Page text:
FedEx Express to retire 22 Boeing 757 freighters as downturn continues to bite 

Photofex_AUT / Shutterstock

FedEx Express has announced that it has permanently retired another 22 of its Boeing 757-200 freighters as the carrier continues to manage its fleet resources. The announcement came on June 25, 2024, as the Memphis-based shipping and logistics company revealed its financial results for the quarter ending May 31, 2024. 

The company reported fiscal fourth-quarter revenues of $201 million, compared with $430 million during the same period in 2023, resulting in a year-on-year decrease of 53%.  

“Fourth quarter results include a non-cash impairment charge of $157 million from the decision to permanently retire 22 Boeing 757-200 aircraft and seven related engines as the company continues to modernize its fleet, improve its global network efficiency, and better align air network capacity with current and anticipated demand,” the firm reported.  

The 757s have formed the backbone of the all-cargo airline’s operations across North America (as well as on some international routes) since the type replaced Boeing 727s, of which the carrier once operated around 180 aircraft. According to ch-aviation, FedEx now has a fleet of 109 757-200s in its fleet, with 57 showing as active while 52 are described as inactive. Many of the airframes still flying are well over 30 years of age.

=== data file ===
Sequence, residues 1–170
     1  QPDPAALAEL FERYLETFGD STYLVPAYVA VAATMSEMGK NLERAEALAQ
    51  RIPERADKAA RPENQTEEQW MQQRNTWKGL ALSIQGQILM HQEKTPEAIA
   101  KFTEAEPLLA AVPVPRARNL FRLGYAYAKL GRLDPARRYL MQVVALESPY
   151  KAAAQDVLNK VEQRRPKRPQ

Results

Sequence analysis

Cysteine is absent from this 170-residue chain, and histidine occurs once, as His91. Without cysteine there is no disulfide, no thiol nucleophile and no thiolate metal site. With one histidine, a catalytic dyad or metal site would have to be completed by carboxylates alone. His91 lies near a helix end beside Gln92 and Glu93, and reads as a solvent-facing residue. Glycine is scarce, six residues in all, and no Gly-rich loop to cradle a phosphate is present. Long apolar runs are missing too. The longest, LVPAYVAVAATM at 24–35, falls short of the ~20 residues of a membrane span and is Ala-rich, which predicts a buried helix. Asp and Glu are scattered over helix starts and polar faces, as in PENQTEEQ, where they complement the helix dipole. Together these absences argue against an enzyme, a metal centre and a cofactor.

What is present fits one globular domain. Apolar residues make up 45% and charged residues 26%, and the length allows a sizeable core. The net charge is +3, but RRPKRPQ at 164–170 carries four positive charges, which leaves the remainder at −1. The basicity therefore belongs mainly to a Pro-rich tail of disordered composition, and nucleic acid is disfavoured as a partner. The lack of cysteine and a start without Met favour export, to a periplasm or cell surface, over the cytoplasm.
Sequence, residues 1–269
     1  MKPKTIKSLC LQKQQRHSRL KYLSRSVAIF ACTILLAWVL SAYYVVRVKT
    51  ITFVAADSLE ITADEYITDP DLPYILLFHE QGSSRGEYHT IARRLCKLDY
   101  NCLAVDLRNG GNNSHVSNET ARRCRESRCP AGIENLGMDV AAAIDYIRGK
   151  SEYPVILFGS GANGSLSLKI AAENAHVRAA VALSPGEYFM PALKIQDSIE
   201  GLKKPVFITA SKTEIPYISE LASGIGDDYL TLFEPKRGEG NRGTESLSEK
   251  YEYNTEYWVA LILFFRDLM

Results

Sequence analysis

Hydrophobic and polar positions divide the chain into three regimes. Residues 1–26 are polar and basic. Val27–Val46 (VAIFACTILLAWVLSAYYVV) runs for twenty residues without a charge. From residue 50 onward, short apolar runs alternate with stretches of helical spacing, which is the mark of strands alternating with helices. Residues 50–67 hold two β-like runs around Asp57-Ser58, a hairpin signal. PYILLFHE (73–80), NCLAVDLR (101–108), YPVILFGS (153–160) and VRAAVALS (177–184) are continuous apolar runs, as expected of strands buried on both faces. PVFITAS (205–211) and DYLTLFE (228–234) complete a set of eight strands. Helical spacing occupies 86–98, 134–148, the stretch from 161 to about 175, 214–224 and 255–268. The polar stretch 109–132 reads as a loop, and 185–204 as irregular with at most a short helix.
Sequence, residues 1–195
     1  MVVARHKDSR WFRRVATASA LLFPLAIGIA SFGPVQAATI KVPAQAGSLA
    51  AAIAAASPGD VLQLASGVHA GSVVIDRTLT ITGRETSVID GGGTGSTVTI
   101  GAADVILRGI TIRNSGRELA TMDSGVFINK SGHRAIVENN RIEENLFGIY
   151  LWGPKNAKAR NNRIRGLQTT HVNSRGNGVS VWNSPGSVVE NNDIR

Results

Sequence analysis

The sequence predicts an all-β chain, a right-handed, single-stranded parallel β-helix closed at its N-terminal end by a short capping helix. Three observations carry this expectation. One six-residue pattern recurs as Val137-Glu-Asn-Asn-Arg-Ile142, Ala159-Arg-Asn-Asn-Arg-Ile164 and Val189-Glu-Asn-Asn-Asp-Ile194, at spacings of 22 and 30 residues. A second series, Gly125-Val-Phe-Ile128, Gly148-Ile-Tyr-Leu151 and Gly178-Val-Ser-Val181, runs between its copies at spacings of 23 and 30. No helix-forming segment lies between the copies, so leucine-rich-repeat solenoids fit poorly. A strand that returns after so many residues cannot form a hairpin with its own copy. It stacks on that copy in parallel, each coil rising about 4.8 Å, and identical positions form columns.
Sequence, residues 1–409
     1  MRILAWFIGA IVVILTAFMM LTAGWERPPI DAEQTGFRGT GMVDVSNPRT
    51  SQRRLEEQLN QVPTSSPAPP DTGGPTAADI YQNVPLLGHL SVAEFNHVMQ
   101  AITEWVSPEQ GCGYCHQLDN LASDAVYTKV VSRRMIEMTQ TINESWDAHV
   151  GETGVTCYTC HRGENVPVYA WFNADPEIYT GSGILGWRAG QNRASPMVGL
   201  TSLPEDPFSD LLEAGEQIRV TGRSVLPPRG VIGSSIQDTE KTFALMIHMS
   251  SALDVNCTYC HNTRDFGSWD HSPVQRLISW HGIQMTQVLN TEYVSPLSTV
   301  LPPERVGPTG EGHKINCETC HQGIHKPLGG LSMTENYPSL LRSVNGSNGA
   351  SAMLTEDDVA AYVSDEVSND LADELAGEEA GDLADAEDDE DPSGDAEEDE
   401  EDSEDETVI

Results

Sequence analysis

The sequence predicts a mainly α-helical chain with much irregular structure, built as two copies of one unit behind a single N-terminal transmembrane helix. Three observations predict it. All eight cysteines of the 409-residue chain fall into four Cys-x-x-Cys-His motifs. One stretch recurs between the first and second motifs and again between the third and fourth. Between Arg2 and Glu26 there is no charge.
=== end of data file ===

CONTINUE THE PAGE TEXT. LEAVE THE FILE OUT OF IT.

The decision was made alongside the closure of seven FedEx facilities to better “match capacity with demand,” the corporation said.  

FedEx pilots were fatigued when they landed on the wrong runway, the NTSB concluded
sockagphoto / Shutterstock

The company blamed lower international cargo yields as the primary driver of the decreased financial performance of FedEx Express over the past year. Equally, the company has struggled since the end of the pandemic in which it thrived.  

As more passenger aircraft have returned to the global fleet of aircraft offering more belly-hold space to freight forwarders, cargo airlines have seen demand for their services fluctuate hugely. FedEx has been one of several freight-only airlines reviewing pilot contracts and decreasing fleet sizes amid the shifting landscape of air cargo markets. 

Adding to FedEx’s challenges, at the start of 2024, rival company United Parcel Service (UPS) secured the lucrative contract to become the primary air cargo carrier for the US Postal Service (USPS), a contract that FedEx had held for the past two decades. This is thought to be another contributing factor to the retirement of the 757s from the FedEx fleet.    

The company is forecasting revenues of $5.2 billion for fiscal 2025, “with a priority on investments in network optimization and efficiency improvement, including fleet and facility modernization and automation”.  

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